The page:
Top 17 Slang For Freaking Out – Meaning & Usage

When it comes to expressing intense emotions like panic or anxiety, sometimes regular words just don’t cut it. Freaking out is a common experience, and knowing the right slang to convey it can make all the difference. Join us as we break down the top slang terms used for freaking out, so you can stay ahead of the curve and add some flair to your vocabulary. Get ready to level up your emotional expression game with our curated list of freaking out slang!

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1. Losing it

This phrase is used to describe someone who is unable to control their emotions or reactions in a given situation.

  • For example, “When she saw the spider, she totally lost it and started screaming.”
  • In a stressful situation, someone might say, “I’m so overwhelmed, I feel like I’m losing it.”
  • Another person might describe their friend’s reaction as, “He completely lost it when he found out he failed the exam.”

2. Flipping out

This expression is used to describe someone who reacts strongly or irrationally to a situation.

  • For instance, “She flipped out when she saw her car had been scratched.”
  • In a heated argument, someone might say, “He started flipping out and yelling at everyone.”
  • Another example could be, “I flipped out when I realized I left my phone at the restaurant.”

3. Having a meltdown

This phrase is used to describe someone who is experiencing a breakdown or emotional outburst, often due to stress or frustration.

  • For example, “After a long day at work, she had a meltdown and started crying.”
  • In a high-pressure situation, someone might say, “I can’t handle this anymore, I’m having a meltdown.”
  • Another person might describe their child’s tantrum as, “He was having a meltdown because he couldn’t find his favorite toy.”

4. Going bananas

This expression is used to describe someone who becomes extremely agitated or upset.

  • For instance, “When she found out her flight was canceled, she went bananas.”
  • In a frustrating situation, someone might say, “I’m going bananas trying to figure out this math problem.”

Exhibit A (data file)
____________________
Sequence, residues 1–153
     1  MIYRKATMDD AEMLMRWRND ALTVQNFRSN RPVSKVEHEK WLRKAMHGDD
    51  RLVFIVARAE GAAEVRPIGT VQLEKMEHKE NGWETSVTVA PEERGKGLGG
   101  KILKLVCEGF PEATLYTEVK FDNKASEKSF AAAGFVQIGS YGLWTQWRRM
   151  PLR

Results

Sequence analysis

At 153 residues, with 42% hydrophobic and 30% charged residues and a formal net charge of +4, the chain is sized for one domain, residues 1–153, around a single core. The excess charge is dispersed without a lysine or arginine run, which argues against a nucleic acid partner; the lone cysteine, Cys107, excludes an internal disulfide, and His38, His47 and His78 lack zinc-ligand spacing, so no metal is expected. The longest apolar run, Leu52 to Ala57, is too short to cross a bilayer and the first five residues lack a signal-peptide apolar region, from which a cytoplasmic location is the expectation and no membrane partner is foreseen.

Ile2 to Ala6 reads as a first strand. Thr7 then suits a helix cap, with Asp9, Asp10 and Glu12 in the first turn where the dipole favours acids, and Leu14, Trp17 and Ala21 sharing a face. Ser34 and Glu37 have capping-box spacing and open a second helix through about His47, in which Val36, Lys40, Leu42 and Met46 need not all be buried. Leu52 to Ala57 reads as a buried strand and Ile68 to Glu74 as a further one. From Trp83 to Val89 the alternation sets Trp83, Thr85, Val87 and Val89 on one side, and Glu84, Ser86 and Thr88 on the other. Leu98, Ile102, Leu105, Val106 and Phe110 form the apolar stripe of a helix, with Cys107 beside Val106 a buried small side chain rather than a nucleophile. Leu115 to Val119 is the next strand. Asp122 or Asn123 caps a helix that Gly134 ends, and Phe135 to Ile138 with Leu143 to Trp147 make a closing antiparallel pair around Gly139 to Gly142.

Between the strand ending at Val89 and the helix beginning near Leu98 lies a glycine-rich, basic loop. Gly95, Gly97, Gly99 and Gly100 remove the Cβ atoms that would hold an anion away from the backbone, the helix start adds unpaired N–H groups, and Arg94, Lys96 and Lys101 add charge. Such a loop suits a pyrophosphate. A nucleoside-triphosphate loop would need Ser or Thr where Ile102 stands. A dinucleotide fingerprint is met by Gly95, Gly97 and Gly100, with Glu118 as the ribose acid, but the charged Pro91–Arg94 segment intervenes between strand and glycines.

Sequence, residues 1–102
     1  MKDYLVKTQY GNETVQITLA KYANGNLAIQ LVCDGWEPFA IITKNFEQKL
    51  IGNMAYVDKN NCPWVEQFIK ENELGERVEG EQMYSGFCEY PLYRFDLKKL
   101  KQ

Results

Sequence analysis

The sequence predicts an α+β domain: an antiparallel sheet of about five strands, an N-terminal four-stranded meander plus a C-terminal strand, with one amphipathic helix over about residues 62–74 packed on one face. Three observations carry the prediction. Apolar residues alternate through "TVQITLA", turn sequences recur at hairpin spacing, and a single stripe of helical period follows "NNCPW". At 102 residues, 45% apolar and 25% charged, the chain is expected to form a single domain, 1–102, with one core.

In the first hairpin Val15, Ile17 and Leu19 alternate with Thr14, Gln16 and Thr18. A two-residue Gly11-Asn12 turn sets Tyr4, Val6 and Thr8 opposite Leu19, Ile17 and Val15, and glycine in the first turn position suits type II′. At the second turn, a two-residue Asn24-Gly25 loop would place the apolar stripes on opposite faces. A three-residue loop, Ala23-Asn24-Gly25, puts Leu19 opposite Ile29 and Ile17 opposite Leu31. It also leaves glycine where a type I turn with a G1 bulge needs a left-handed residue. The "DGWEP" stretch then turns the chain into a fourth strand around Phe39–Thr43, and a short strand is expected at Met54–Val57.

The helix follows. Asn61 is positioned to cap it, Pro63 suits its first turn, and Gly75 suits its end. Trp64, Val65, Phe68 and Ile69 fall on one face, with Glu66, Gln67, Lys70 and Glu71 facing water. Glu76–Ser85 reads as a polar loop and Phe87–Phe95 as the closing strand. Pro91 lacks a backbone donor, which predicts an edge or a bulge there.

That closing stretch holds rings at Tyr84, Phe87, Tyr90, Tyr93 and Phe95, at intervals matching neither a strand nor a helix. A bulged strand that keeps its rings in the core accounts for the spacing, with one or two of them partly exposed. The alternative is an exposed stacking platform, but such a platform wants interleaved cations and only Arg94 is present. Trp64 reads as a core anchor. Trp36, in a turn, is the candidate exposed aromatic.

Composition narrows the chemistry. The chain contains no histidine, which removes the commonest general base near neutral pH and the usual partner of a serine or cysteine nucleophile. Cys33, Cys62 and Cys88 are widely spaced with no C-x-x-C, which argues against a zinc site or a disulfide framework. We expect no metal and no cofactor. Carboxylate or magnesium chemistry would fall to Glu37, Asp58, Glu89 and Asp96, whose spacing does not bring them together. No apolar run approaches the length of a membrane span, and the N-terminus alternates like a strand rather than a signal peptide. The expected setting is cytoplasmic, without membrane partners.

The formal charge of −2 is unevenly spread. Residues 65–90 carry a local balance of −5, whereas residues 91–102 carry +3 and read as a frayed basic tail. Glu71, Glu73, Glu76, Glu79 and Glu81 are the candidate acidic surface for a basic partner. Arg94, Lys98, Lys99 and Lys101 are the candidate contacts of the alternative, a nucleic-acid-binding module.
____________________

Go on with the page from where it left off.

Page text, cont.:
• Another example could be, “He went bananas when he saw the price of the concert tickets.”

5. Wigging out

This phrase is used to describe someone who becomes excessively anxious or nervous about something.

  • For example, “She’s really wigging out about the upcoming job interview.”
  • In a stressful situation, someone might say, “I’m wigging out about the big presentation tomorrow.”
  • Another person might describe their friend’s reaction as, “He started wigging out when he realized he lost his wallet.”

6. Freaking out

This phrase is used to describe a state of intense worry or fear.

  • For example, “I’m freaking out about this upcoming exam.”
  • Someone might say, “She’s freaking out because she lost her car keys.”
  • Another person might exclaim, “I can’t handle all this stress, I’m freaking out!”

7. Having a cow

This phrase is used to describe someone who is very upset or angry about something.

  • For instance, “My mom had a cow when she saw my messy room.”
  • Someone might say, “Don’t have a cow, it’s just a small mistake.”
  • Another person might exclaim, “He had a cow when he found out he was double-booked for two events.”

8. Going nuts

This phrase is used to describe someone who is acting in a crazy or irrational manner.

  • For example, “The crowd went nuts when their team scored the winning goal.”
  • Someone might say, “I’m going nuts trying to figure out this puzzle.”